The majority of paediatric Clostridioides difficile infections (CDI) are community-associated (CA), but few data exist regarding associated risk factors. We conducted a case–control study to evaluate CA-CDI risk factors in young children. Participants were enrolled from eight US sites during October 2014–February 2016. Case-patients were defined as children aged 1–5 years with a positive C. difficile specimen collected as an outpatient or ⩽3 days of hospital admission, who had no healthcare facility admission in the prior 12 weeks and no history of CDI. Each case-patient was matched to one control. Caregivers were interviewed regarding relevant exposures. Multivariable conditional logistic regression was performed. Of 68 pairs, 44.1% were female. More case-patients than controls had a comorbidity (33.3% vs. 12.1%; P = 0.01); recent higher-risk outpatient exposures (34.9% vs. 17.7%; P = 0.03); recent antibiotic use (54.4% vs. 19.4%; P < 0.0001); or recent exposure to a household member with diarrhoea (41.3% vs. 21.5%; P = 0.04). In multivariable analysis, antibiotic exposure in the preceding 12 weeks was significantly associated with CA-CDI (adjusted matched odds ratio, 6.25; 95% CI 2.18–17.96). Improved antibiotic prescribing might reduce CA-CDI in this population. Further evaluation of the potential role of outpatient healthcare and household exposures in C. difficile transmission is needed.
Increasing attention is currently focused on the generation of characteristic x-ray by proton irradiation. This has the advantage of yielding “clean” x-ray- i. e. free from background brerasstrahlung radiation, from even the lightest elements. The disadvantage is that the yields are naturally much lower than those produced by electrons of the same energy. A recent study has extended characteristic x-ray production to a variety of heavy ions and has shown that the cross- sections for the production of clean x-rays are often higher , by as much as several orders of magnitude, than those produced by protons of the same energy. In addition, there has emerged a further advantage, viz. the ability of specially chosen heavy ions to excite characteristic x-ray from a particular element in a selective manner. Since heavy ions penetrate only a few hundred Angstroms in to most solids, the phenomenon can be used as the basis of a technique for the examination of surface deposits, or to measure depth distributions of impurities. For example, Kr ions can be used t o determine the range distribution of antimony which had been implanted in to silicon at 100 keV. The antimony concentration was determined as a function of ∼ 150 Å steps, and was found to exhibit a maximum concentration of ∼ 1 part in 103 of silicon at 450 Å below the surface, falling to zero concentration at ∼2000 Å a depth. In the past, in order to obtain the required degree of sensitivity, such range determinations have relied on radio active tracer techniques.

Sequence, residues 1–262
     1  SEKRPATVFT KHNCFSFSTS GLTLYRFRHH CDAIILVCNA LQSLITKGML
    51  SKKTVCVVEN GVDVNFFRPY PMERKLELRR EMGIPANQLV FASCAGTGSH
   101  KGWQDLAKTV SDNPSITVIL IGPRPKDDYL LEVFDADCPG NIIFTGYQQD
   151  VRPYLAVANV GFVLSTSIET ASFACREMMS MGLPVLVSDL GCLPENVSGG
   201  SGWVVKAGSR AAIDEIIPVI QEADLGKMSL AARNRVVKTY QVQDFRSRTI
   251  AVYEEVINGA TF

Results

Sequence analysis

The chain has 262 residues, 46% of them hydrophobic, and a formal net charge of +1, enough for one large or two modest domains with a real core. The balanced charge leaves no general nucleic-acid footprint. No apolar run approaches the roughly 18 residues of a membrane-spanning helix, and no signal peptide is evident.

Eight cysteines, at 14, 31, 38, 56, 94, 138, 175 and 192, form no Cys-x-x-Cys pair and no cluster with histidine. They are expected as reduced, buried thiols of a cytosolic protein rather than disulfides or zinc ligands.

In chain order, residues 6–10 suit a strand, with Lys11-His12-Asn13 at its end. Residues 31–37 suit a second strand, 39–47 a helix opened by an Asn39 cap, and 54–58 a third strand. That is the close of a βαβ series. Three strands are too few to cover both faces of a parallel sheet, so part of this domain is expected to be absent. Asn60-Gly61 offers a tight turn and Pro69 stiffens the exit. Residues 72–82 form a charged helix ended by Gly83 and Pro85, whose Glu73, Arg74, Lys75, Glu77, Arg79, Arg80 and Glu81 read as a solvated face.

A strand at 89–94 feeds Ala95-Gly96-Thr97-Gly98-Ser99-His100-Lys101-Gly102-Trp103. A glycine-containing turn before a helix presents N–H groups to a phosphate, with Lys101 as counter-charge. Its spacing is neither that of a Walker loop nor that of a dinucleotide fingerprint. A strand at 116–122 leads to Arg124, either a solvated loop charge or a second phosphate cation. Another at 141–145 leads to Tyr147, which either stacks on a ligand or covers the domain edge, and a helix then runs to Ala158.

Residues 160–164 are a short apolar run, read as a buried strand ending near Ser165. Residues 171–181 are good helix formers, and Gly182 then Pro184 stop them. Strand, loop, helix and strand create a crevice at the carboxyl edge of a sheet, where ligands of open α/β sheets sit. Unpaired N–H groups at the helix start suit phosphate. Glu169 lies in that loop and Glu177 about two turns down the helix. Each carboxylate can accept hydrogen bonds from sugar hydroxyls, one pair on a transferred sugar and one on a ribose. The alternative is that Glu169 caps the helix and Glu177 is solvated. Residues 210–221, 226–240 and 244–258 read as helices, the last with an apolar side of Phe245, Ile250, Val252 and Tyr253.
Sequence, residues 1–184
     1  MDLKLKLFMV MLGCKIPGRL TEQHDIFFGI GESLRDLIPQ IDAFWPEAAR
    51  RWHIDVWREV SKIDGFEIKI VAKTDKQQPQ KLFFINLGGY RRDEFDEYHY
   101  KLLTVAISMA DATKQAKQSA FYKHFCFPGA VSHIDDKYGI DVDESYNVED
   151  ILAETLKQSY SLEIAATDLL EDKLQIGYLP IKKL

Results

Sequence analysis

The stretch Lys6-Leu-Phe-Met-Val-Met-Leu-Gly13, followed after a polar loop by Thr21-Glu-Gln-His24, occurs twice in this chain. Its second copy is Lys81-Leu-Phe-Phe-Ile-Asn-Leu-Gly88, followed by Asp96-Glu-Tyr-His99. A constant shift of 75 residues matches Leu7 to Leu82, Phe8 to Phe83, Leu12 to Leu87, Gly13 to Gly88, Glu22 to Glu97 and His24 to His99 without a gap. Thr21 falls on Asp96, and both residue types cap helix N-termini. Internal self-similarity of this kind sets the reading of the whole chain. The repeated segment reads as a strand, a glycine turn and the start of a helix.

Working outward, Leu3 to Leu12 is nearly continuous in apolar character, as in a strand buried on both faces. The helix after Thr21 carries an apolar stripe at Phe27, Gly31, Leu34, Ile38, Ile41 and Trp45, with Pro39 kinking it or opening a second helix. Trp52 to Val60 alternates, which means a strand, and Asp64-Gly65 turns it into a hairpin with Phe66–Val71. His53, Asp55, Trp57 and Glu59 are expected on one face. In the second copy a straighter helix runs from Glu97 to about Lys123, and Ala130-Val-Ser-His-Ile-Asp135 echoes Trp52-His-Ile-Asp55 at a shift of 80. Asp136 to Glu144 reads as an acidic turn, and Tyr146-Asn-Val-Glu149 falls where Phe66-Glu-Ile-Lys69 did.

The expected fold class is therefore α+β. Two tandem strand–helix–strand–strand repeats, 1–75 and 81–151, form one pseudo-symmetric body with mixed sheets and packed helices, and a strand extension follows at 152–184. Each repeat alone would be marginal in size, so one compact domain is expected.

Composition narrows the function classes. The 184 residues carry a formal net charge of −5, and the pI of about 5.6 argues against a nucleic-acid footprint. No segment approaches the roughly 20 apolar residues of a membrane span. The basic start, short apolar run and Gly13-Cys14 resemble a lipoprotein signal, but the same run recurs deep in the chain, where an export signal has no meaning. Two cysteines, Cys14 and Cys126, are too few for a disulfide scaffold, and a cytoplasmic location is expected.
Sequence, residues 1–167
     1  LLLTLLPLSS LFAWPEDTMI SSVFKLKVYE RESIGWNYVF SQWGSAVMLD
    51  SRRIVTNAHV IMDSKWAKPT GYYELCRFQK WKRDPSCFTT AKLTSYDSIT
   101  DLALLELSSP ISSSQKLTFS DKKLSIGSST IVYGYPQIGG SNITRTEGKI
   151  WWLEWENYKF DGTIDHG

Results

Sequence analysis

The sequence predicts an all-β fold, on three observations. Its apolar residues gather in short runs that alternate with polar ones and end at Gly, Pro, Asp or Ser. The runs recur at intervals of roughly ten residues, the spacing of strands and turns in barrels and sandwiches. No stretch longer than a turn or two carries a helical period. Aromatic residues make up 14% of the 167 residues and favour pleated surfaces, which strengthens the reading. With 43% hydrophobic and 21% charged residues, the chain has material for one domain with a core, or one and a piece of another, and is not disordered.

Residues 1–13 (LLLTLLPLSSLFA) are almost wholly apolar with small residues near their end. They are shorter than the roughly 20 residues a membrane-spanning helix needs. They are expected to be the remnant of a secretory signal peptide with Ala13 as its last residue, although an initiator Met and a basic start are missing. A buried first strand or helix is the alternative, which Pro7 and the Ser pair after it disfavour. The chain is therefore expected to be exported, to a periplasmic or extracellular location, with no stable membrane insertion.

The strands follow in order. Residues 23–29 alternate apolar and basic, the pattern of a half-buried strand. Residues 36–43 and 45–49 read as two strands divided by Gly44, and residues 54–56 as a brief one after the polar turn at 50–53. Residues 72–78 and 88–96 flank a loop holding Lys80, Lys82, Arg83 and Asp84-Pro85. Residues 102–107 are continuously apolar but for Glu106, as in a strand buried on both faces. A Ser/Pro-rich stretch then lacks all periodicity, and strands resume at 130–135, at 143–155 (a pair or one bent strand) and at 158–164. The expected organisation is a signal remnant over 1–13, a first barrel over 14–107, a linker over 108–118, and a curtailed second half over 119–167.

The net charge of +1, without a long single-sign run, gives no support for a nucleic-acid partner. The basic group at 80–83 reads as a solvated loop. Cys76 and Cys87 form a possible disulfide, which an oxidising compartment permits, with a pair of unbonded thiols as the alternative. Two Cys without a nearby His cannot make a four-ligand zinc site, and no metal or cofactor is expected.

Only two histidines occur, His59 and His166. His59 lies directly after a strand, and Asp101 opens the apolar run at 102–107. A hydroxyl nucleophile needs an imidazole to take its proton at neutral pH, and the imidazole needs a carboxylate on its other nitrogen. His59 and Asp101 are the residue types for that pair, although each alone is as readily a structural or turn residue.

An entirely new type of proportional counter has been developed during the course of these studies. This instrument, because of its special construction, can be positioned very close to targets in non-dispersive studies, so as to collect the highest possible fraction of emitted x-ray. It incorporates a replaceable anode unit, together with a built- in miniature head amplifier, and exhibits extremely good performance, particularly for ultra-soft x-ray. In addition, rotation of a dial on the end of the counter body allows alteration of the active gas volume during operation, and so permits tuning into x-rays of a particular energy.
OBJECTIVES/SPECIFIC AIMS: Physical inactivity and mineral imbalances greatly contribute to morbidity and mortality in patients with end-stage renal disease (ESRD). Barriers for engaging in physical activity and adhering to the hemodialysis diet have been reported predominantly with white participants from countries other than Puerto Rico. Therefore, this study’s aims were to explore the barriers and facilitators that Hispanic adults with end-stage renal disease encountered for engaging in physical activity and adhering to the hemodialysis diet. METHODS/STUDY POPULATION: Three focus groups were conducted among 19 adults living with ESRD who received services from a renal center in Puerto Rico. Sessions were recorded, transcribed, and coded first using inductive methods. RESULTS/ANTICIPATED RESULTS: The presence of fatigue, lack of acceptance of the renal condition, and lack of knowledge of appropriate exercises for patients in hemodialysis were the most frequently reported barriers to engage in physical activities. Cost of the renal diet, limited availability of the renal diet products, the restrictive nature and the lack of Puerto Rican taste of the renal diet, and inadequate educational materials were the most frequent barriers to adhere to the hemodialysis diet reported by the sample. The most commonly reported facilitators to engaging in physical activities were having a positive attitude, opportunities for group exercises, and listening to Hispanic music while exercising. Health benefits, family support, having financial resources, availability of community resources, and having willpower were the most commonly reported facilitators to adhere to the hemodialysis diet. DISCUSSION/SIGNIFICANCE OF IMPACT: We identified a number of culturally relevant individual, interpersonal, institutional, and community-related barriers and facilitators to physical activity and adherence to the hemodialysis diet in patients with ESRD living in Puerto Rico. Evidence-based solutions to overcome these barriers and strategies for enhancing these facilitators should be addressed in future studies aimed at increasing the level of physical activity and increasing adherence to the hemodialysis diet in patients with ESRD living in Puerto Rico.